To use all functions of this page, please activate cookies in your browser.
With an accout for my.chemeurope.com you can always see everything at a glance – and you can configure your own website and individual newsletter.
- My watch list
- My saved searches
- My saved topics
- My newsletter
Ahmed Hassan Zewail (Arabic: أحمد حسن زويل) (born February 26 1946 in Damanhur, Egypt) is an Egyptian American scientist, and the winner of the 1999 Nobel Prize in Chemistry for his work on femtochemistry.
Additional recommended knowledge
Birth and education
Ahmed Zewail was born on February 26 1946 in Damanhur (60 km south-east of Alexandria) and raised in Disuq. He received his first degree from the University of Alexandria before moving from Egypt to the United States to complete his PhD at the University of Pennsylvania with advisor Dr.Robin Hochstrasser. He completed a post doctorate at the University of California, Berkeley.
After some post doctorate work at UC-Berkeley, he was awarded a faculty appointment at Caltech in 1976, where he has remained since. He became a naturalized citizen of the United States in 1982, and in 1990, he was made the first Linus Pauling Chair in Chemical Physics.
Zewail's key work has been as the pioneer of femtochemistry—i.e. the study of chemical reactions across femtoseconds. Using a rapid ultrafast laser technique (consisting of ultrashort laser flashes), the technique allows the description of reactions on very short time scales - short enough to analyse transition states in selected chemical reactions.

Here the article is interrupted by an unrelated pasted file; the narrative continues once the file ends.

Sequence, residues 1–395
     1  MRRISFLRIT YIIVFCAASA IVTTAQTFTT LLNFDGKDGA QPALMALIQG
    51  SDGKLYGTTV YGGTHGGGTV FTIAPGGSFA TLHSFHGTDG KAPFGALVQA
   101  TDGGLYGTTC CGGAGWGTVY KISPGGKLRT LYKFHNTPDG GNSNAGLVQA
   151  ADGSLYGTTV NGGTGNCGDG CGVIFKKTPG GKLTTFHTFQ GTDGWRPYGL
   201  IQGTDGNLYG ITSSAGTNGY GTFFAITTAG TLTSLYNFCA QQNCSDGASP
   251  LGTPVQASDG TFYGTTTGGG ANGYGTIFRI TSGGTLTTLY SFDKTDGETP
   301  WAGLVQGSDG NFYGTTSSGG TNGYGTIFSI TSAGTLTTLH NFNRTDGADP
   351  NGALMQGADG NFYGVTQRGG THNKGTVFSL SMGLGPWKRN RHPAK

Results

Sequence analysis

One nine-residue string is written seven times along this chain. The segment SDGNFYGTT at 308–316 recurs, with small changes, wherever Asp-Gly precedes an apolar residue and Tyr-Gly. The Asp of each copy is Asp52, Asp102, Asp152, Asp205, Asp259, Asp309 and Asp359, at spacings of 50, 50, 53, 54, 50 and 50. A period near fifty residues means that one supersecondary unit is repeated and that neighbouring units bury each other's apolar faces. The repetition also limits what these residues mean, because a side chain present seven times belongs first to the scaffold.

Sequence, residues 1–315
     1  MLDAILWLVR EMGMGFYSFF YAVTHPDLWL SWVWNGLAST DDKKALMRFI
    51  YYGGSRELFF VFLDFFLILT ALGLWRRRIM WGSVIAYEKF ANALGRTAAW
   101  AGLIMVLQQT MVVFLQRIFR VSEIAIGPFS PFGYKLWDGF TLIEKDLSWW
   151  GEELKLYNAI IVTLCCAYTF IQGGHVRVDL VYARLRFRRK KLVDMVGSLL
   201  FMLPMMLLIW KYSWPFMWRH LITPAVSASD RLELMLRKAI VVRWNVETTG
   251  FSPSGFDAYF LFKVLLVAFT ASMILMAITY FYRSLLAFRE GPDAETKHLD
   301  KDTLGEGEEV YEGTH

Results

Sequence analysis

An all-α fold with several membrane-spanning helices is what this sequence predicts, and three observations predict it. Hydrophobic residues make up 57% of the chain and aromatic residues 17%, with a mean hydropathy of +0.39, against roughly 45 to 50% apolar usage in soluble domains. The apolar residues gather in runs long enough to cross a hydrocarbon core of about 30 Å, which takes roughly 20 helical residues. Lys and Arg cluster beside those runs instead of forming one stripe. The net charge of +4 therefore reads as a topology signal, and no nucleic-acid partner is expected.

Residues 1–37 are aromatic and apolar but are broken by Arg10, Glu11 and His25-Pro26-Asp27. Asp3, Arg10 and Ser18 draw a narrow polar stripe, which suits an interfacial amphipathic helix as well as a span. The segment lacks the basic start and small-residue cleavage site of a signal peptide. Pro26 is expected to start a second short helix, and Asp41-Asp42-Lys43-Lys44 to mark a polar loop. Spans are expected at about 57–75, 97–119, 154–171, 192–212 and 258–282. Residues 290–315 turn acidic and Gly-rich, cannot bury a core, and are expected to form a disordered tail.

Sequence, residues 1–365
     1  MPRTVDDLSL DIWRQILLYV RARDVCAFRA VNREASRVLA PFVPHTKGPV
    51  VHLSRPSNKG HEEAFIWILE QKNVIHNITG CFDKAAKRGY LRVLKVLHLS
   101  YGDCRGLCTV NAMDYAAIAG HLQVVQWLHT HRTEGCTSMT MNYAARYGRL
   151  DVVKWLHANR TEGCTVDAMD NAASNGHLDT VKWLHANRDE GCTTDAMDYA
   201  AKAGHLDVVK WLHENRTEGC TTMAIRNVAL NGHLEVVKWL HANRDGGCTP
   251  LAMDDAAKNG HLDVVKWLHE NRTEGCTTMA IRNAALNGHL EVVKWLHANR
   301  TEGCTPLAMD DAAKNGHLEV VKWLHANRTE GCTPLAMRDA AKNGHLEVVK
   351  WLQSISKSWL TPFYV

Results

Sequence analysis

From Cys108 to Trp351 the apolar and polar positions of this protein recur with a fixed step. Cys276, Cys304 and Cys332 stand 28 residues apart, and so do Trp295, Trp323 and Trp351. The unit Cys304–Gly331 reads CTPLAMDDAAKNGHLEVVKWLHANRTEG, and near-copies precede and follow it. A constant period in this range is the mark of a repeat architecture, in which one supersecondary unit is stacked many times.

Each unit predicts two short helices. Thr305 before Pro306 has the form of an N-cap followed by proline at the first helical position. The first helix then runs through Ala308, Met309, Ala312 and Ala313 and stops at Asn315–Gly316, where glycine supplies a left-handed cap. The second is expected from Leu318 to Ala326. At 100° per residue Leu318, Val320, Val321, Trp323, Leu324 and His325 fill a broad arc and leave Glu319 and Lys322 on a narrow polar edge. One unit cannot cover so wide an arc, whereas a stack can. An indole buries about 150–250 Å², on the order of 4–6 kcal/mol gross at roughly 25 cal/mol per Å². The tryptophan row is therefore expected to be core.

In 1999, Zewail became the third ethnic Egyptian to receive the Nobel Prize, following Anwar Sadat (1978 in Peace) and Naguib Mahfouz (1988 in Literature). Other international awards include the Wolf Prize in Chemistry (1993) and the Robert A. Welch Award (1997). In 1999, he received Egypt's highest state honour, the Grand Collar of the Nile.
Cambridge University awarded him an Honorary Doctorate in Science in 2006.
Zewail is married, and has four children.
Categories: Egyptian chemists | Nobel laureates in Chemistry
|This article is licensed under the GNU Free Documentation License. It uses material from the Wikipedia article "Ahmed_Zewail". A list of authors is available in Wikipedia.|